There is nothing wrong with bargain shopping or shopping around for a ring or a stone because the standard markup on a diamond is 300%. Depending on where you live, it could be more. That means the jeweler may have purchased the stone for $1,000.00 but is selling the stone for $3,000.00, It is important to be aware of this fact because it gives you a little bargaining power if you decide to purchase a ring or stone from someone other than a “mall” jewelry store. Mall jewelry stores are limited by corporate policy on the amount they are able to discount their product.
You can buy a “lemon” diamond as easily as you can buy a “lemon” car. The most widely recognized system of grading and classifying diamonds in the U.S. is the system set forth by the Gemological Institute of America (GIA), Make sure your jeweler uses this classification system for grading diamonds. If your jeweler does not use this designation system, make sure you ask them to translate their grading system into the standards set forth by the GIA. What this means for the buyer is that there is a standard that each individual appraiser or gemologist that is GIA certified should grade the diamond by exactly the same standards as someone else. This will help you establish a baseline for comparison as to how much a particular stone within the same GIA specifications should cost when compared to a like stone with the same specifications.
Diamonds are weighed in terms of full carats and fractions of carats and are priced accordingly after all other areas are factored, for example: a diamond with a weight of .48 is slightly under 1/2 carat and a diamond weighing 1.2 carat is slightly over 1 carat. It is important to know that if a diamond is on the fringe of being a full carat, .85, .93, .97 etc. a jeweler will round the price up to the full carat weight. This can translate into more money you will have to spend. If you are buying between a one and two carat diamond, you should stay away from anything with a weight greater than 1.75, by doing so, this can save you a lot of money.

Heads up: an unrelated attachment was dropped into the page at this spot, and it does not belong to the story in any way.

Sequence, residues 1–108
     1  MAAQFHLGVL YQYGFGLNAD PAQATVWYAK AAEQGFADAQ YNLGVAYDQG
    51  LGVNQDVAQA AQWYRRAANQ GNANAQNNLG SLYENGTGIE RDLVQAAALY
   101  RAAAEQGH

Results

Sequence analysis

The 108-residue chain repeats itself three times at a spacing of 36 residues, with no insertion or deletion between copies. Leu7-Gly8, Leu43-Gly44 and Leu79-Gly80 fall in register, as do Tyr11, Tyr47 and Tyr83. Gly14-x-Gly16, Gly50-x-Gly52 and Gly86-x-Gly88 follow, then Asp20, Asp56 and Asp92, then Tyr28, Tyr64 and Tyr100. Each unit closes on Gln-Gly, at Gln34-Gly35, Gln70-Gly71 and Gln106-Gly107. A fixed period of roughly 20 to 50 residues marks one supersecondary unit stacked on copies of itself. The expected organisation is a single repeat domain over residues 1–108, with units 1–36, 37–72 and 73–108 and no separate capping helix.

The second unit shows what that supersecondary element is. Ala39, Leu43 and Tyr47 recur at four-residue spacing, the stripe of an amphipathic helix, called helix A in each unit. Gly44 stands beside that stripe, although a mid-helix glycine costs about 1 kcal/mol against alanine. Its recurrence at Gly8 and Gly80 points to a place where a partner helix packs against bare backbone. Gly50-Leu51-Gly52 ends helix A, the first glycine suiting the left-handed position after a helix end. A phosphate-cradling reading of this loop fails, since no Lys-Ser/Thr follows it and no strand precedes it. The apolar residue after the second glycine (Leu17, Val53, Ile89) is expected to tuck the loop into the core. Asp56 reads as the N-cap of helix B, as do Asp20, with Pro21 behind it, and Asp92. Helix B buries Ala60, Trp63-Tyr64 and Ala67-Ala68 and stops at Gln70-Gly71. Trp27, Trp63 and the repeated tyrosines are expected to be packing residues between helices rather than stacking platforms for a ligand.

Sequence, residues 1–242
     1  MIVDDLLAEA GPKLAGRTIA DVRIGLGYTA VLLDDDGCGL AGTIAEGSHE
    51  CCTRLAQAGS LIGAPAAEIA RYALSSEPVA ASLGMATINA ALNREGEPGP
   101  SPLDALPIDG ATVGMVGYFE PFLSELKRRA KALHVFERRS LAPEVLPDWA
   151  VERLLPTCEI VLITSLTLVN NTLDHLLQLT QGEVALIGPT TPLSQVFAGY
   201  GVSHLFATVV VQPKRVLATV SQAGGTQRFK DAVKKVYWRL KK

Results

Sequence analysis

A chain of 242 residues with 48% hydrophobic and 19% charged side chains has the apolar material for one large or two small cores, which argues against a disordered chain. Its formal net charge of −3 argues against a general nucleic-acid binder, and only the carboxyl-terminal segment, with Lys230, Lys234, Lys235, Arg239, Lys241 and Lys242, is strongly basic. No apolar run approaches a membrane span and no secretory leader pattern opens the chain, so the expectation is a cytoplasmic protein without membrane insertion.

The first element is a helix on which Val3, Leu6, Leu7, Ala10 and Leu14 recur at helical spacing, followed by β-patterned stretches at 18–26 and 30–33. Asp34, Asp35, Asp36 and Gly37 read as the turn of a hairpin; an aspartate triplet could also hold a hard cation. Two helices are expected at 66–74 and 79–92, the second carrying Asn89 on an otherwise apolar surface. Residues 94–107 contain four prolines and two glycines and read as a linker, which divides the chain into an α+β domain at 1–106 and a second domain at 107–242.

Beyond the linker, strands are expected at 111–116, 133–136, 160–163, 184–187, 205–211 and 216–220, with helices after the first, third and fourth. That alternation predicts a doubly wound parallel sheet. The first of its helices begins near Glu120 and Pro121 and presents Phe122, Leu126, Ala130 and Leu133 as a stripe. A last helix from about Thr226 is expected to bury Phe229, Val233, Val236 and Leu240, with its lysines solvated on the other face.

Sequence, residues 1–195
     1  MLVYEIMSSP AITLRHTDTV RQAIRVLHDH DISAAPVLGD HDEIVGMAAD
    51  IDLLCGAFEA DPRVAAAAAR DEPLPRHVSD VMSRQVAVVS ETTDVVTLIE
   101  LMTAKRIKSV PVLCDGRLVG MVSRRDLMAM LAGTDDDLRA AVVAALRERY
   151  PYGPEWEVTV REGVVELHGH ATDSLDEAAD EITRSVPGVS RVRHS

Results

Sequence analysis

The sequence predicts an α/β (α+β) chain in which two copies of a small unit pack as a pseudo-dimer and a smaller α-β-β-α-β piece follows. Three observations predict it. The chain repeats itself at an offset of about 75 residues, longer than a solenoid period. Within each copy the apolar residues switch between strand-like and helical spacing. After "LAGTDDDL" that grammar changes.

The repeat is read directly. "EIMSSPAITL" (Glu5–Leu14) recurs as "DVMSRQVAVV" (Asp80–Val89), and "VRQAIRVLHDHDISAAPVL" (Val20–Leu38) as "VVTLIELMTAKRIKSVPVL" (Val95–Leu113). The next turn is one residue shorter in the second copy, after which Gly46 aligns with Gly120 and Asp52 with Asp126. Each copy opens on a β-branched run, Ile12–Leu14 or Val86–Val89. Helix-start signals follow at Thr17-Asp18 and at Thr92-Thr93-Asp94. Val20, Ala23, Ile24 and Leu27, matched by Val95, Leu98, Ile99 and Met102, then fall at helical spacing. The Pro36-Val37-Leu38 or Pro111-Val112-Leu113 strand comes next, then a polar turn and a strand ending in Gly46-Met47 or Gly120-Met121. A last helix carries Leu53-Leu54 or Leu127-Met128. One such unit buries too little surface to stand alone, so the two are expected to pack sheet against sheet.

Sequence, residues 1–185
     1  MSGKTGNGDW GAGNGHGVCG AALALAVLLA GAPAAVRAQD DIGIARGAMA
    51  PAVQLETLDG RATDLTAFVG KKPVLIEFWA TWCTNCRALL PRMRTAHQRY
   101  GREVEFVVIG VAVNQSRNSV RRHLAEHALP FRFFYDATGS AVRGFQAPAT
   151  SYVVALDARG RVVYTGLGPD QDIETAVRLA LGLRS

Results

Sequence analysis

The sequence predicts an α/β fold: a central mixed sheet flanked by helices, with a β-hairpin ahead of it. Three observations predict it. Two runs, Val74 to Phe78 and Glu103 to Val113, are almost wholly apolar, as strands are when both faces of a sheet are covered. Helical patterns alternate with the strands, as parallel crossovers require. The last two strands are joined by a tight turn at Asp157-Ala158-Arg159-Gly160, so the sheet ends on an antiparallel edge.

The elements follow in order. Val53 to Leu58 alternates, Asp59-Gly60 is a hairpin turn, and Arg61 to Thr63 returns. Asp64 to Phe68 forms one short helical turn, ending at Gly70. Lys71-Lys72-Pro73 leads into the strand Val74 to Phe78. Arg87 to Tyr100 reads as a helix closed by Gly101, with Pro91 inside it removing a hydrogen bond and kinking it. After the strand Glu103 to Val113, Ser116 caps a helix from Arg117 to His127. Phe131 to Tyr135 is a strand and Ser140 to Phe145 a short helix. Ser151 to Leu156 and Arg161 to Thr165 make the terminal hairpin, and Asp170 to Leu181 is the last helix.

Clouds and feathers sound like soft and romantic terms but when buying a diamond they are not nice words. Professional jewelers rate the clarity of a stone by the number of these naturally occurring elements within a particular diamond. Errors when the diamond was cut, carbon spots, nitrogen bubbles, and cracks in the stone are all considered to be inclusions. The clarity scale according to the GIA begins with an “FL” meaning flawless which contains no imperfections, to “VVS” meaning very, very small spots, “VS” meaning very small spots, all the way down to an “I3” rating, which means the stone has obvious inclusions that can be seen with the naked eye. If you have plenty of cash to spend on an engagement ring, you will want to go with an “FL” grade diamond. Most people can only afford “VVS1” or “VS2” graded diamonds.